To be or not to be Shakespeare

Rhys Ifans as Earl of Oxford in Anonymous:

Every fan of fantasy literature (or cinema) owes it to him- or herself to become familiar with Diana Wynne Jones’s ersatz travel handbook, The Tough Guide to Fantasyland, which takes a wickedly funny scalpel to many of the most familiar tropes of the genre. Under M, you’ll discover that “Missing Heirs occur with great frequency. At any given time, half the Countries in Fantasyland will have mislaid their Crown Princess/Prince, but the Rule is that only one Missing Heir can join your Tour at a time.”

Apparently, despite his long track record of making special-effects-heavy science fiction, alien/monster and disaster movies like Independence Day, The Day after Tomorrow and 2012, Roland Emmerich has missed this important directive. By the third act of his latest project, Anonymous, the producer/director has served up one secretly fostered royal bastard too many and pushed the whole enterprise over the precipice of preposterousness – even if you did come into the theatre prepared at least to entertain the hypothesis that Edward de Vere, the 17th Earl of Oxford, actually may have written the works of Shakespeare.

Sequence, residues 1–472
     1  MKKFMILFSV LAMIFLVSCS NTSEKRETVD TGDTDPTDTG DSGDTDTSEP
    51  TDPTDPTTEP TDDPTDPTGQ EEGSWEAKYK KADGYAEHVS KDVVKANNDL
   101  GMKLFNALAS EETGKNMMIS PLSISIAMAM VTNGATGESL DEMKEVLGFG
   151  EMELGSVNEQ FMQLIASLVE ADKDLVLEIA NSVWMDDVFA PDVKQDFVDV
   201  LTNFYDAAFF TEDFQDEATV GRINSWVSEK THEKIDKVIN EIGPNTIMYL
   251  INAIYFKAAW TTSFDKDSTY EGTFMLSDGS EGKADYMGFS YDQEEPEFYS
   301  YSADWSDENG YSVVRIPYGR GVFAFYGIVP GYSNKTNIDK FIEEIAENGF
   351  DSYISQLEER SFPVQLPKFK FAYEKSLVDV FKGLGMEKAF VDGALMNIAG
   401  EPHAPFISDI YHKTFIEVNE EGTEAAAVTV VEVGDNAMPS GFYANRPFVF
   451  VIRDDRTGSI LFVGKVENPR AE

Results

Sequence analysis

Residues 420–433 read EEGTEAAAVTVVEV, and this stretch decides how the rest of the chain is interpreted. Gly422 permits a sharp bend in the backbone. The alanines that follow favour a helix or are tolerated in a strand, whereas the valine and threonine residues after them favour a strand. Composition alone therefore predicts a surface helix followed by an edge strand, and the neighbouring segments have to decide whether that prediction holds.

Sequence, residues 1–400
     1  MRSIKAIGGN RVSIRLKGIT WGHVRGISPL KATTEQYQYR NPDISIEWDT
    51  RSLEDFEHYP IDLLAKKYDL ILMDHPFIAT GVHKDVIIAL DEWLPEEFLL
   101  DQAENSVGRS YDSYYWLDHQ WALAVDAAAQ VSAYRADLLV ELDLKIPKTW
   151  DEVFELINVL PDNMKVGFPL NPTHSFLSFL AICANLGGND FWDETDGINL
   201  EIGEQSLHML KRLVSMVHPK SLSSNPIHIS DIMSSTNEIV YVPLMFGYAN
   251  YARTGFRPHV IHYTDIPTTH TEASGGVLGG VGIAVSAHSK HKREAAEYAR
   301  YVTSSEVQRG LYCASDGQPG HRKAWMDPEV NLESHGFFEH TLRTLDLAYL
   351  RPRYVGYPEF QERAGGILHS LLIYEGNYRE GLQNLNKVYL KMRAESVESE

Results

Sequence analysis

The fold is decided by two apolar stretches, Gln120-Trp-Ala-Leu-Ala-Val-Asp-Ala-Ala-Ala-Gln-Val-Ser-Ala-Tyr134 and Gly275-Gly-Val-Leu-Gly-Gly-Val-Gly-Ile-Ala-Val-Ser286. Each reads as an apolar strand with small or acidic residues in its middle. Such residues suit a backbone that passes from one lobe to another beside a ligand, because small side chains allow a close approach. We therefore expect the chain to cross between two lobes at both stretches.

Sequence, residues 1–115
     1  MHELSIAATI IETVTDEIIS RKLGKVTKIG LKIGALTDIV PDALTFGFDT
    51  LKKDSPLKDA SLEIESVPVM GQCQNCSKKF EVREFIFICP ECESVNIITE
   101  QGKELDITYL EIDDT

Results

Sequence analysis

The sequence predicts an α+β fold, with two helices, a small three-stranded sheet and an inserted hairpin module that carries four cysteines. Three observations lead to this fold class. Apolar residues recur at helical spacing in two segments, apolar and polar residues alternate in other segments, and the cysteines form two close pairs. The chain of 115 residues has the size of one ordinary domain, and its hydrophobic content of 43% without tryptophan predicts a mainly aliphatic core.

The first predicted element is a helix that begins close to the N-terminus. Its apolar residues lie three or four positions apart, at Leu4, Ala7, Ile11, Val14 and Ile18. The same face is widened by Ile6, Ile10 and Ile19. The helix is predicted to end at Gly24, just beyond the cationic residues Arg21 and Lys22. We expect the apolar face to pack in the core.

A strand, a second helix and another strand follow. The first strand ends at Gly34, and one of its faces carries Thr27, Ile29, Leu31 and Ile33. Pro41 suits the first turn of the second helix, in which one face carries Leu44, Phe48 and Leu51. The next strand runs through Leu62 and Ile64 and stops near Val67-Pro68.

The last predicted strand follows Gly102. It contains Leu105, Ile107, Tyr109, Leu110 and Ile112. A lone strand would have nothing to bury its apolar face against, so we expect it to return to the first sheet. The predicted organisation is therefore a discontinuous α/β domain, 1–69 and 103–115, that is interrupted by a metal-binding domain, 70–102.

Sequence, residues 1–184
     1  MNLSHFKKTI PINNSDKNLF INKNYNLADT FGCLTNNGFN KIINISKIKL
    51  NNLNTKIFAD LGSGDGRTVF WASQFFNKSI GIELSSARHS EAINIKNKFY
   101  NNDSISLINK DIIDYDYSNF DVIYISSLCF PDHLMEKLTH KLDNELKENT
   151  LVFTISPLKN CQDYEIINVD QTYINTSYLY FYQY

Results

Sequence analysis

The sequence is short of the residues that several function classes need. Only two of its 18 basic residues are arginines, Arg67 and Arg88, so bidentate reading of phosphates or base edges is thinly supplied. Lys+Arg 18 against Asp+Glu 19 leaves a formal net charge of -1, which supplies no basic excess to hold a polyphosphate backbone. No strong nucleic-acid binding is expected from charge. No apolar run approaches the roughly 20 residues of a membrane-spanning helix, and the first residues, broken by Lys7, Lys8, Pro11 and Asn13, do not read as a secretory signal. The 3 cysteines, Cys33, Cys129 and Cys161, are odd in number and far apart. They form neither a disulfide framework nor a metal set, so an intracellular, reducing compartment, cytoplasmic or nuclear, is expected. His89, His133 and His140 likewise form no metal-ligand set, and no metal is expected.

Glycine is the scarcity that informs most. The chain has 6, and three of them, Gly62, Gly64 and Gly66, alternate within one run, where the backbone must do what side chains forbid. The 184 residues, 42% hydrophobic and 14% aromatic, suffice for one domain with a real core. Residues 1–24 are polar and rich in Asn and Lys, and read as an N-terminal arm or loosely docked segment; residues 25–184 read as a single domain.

It’s a pity, because one does like to keep an open mind about the things that we think we know. The consensus of scholars remains to this day heavily weighted in favor of William Shakespeare being the true author of the canon that bears his name (with the possible exception of a couple of inferior later works, notably Henry VIII, being collaborations). But there have always been rival hypotheses (remember the “Shakespeare Eats Bacon” buttons of the ‘60s?), and the documentary evidence about people who lived over four centuries ago is necessarily scanty enough to allow for plenty of argument.